When the Dark Comes Rising


"When the Dark comes rising, six shall turn it back;
Three from the circle, three from the track;
Wood, bronze, iron; water, fire, stone;
Five will return, and one go alone.

Iron for the birthday, bronze carried long;
Wood from the burning, stone out of song;
Fire in the candle-ring, water from the thaw;
Six signs the circle, and the grail gone before."

It was frankly pissing down, a nice mix of snow and frozen rain that had as yet declined to become sleet, and Bodie'd had more than enough. He had snow in his hair, snow down the back of his neck, and one expensive dress shoe full of grey city slush.

"'In the Bleak Midwinter'" he moaned to an uncaring Doyle "but not in the middle of sodding London ! Why the hell are we here?"

Here was a hush in the middle of London 's bustle; a dead garden in the middle of a walled in cloister, forgotten property of some sprawling museum or university. Doyle had entered by means of an ancient iron key, and as the ancient gate clanged shut behind them, Bodie fancied they'd left the twentieth century behind. Too bad they hadn't left the bloody weather behind.

"We could be somewhere warm" he moaned again. "Warm and dry and...warm." Bodie's tone changed on the last word, became intimate, and he whispered it into Doyle's ear.

Doyle was unimpressed. "Shut it. Cowley said we're to meet him here and pick up the package." It was dark enough that all Bodie could see of him was the elusive gleam of slanted emerald eyes and a flash of teeth in his rueful white smile. "Sorry. We'll get...warm...again later, O.K?"

"Shall hold you to that." Bodie grumbled. "Not the way I expected to spend Boxing Day, you know."

"It'll be worth it," Doyle said. "It has to be."

"What d'you mean by that? Ray?"

"Wait!" Doyle held up one hand theatrically, but there was something powerful, almost magical, about the gesture that stopped Bodie from laughing. Wizard Doyle, he thought, and smiled to himself. "He's here."


Evening had moved on while they had waited. The sky was dark grey, the garden was paler grey, even the sticks poking through the snow were grey. A slightly darker grey shadow peeled itself off a wall...a wall where, Bodie was willing to swear, there had been no shadow before.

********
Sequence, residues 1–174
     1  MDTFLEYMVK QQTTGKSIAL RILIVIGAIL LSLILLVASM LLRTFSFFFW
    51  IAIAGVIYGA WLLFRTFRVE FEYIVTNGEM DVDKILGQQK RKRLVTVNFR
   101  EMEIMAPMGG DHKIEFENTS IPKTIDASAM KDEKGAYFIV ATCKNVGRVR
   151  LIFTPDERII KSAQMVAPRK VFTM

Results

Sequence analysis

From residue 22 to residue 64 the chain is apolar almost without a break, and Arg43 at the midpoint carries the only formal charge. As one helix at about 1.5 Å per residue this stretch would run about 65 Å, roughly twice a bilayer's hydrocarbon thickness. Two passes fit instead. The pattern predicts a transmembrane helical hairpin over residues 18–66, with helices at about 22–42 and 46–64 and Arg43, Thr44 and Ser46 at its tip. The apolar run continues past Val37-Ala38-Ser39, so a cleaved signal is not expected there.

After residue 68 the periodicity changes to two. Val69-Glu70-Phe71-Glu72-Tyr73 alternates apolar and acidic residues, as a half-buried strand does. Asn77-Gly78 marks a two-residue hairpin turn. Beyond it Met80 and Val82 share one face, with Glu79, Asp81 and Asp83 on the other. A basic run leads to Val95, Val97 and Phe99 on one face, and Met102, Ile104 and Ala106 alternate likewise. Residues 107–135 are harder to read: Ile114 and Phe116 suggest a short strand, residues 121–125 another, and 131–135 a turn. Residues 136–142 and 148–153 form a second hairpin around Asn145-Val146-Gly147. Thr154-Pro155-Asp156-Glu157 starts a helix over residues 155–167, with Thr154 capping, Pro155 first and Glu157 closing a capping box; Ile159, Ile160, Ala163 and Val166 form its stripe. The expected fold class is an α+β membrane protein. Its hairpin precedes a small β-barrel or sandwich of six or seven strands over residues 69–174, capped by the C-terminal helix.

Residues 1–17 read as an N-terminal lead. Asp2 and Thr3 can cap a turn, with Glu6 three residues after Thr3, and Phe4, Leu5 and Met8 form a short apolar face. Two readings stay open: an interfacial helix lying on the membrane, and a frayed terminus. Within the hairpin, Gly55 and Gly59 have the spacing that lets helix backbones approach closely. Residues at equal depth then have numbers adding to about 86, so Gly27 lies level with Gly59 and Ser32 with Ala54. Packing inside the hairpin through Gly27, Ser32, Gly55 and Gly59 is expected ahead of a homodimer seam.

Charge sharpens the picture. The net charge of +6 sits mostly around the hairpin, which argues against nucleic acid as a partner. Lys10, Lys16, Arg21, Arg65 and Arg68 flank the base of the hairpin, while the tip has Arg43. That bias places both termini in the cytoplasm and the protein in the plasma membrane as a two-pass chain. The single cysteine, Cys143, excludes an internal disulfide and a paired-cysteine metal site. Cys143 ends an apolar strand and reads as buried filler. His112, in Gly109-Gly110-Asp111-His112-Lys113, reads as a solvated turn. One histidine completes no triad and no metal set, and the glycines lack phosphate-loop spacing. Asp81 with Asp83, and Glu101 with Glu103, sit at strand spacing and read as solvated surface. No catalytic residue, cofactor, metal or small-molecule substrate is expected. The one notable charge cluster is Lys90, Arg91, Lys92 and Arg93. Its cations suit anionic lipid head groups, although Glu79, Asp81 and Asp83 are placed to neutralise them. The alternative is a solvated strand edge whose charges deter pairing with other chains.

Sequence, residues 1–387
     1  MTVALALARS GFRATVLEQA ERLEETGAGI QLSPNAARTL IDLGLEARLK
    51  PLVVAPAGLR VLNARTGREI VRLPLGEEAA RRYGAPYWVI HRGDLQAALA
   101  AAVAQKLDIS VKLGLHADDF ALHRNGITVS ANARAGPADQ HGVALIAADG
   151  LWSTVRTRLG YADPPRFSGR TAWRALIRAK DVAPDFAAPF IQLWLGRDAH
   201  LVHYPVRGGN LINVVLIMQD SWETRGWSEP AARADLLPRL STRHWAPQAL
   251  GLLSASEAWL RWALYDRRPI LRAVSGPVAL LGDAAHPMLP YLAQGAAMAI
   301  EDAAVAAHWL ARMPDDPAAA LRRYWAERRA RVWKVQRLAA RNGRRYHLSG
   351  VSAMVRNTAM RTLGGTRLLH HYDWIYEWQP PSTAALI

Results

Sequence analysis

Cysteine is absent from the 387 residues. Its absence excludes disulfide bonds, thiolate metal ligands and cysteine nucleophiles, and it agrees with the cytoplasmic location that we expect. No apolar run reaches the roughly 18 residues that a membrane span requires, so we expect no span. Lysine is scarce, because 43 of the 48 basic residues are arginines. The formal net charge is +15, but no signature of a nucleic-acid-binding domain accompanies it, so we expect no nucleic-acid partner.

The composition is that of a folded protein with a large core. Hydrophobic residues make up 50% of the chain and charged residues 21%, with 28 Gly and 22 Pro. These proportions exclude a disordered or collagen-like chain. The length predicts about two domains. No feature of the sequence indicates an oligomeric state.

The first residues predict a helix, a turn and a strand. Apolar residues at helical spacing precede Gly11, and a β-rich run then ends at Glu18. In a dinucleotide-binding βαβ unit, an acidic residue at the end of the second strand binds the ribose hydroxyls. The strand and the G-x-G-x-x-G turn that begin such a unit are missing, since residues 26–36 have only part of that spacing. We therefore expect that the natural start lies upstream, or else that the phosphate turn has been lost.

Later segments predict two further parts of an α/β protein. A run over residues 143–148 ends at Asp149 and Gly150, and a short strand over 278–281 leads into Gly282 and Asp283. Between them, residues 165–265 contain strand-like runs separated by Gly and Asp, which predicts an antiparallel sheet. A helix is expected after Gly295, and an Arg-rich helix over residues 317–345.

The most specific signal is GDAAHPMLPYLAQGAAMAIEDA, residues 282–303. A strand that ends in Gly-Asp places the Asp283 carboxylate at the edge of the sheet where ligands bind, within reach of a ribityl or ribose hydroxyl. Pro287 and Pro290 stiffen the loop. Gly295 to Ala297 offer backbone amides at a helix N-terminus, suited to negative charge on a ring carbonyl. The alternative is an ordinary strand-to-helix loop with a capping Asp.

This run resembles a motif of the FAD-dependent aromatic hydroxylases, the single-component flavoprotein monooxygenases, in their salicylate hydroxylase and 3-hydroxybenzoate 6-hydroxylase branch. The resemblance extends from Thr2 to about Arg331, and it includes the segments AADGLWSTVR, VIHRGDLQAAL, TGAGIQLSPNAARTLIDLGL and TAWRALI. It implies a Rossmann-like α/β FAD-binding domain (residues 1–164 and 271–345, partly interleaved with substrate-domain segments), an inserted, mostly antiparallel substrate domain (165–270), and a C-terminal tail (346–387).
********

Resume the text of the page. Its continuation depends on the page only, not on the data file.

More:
Doyle spoke, and what he said startled Bodie.

"When the Dark comes rising..."

"Six shall turn it back," replied the stranger.

"Well met, Will Stanton, lastborn of the Old Ones."

The hair on the back of Bodie's neck rose as Doyle spoke. Deep voiced, cadenced, it was as unlike his every day voice as starry night was to day. A still small voice in the back of Bodie's head, the one that usually only turned up in the deep watches of the night while watching Doyle sleep, said 'more than meets the eye, here, my lad.' Then the shadowy figure turned, and caught what light there was.

Bodie suddenly felt like howling with laughter. A young boy, all of eleven, stood there in the grey cloister garden. God, this job was getting to him. But Doyle was still quite serious. What the hell?

"Well met, Raymond Doyle," the boy said gravely. "Are you ready?"

"Yes. Do you have it?"

"Yes. Can he be trusted not to break?"

"He's a good man," Doyle answered. "One of the best." And the look Doyle gave him then warmed Bodie's heart through and through, until the melting slush had receded to a mere nuisance. His blood came up, and he was ready for the chase, as a hound who had heard his master's voice.

"Then the Light entrusts this to you. See it safely on to the next part of its journey." The boy thrust a bundle wrapped in brown sacking at Doyle. As he did so, a huddled mass of rooks exploded from the rooftops around them, black and feathered and strangely menacing.

"Run!" Doyle shouted, and Bodie did so without question. They slid through the iron gate and out into the rushing noise of London , and as they did so Bodie caught the edge, just the edge of what he would swear later was a haunting bell-like refrain of music. Greensleeves? Maybe...

But for the moment he was too busy pelting after Doyle to have time for questions.

They ran down the streets, skidding on slush and dodging pedestrians with practiced ease. He and Doyle were two hounds coursing, turning sharp and quick and communicating without the need for words. And behind them, above them, always following, were the black shapes of the rooks.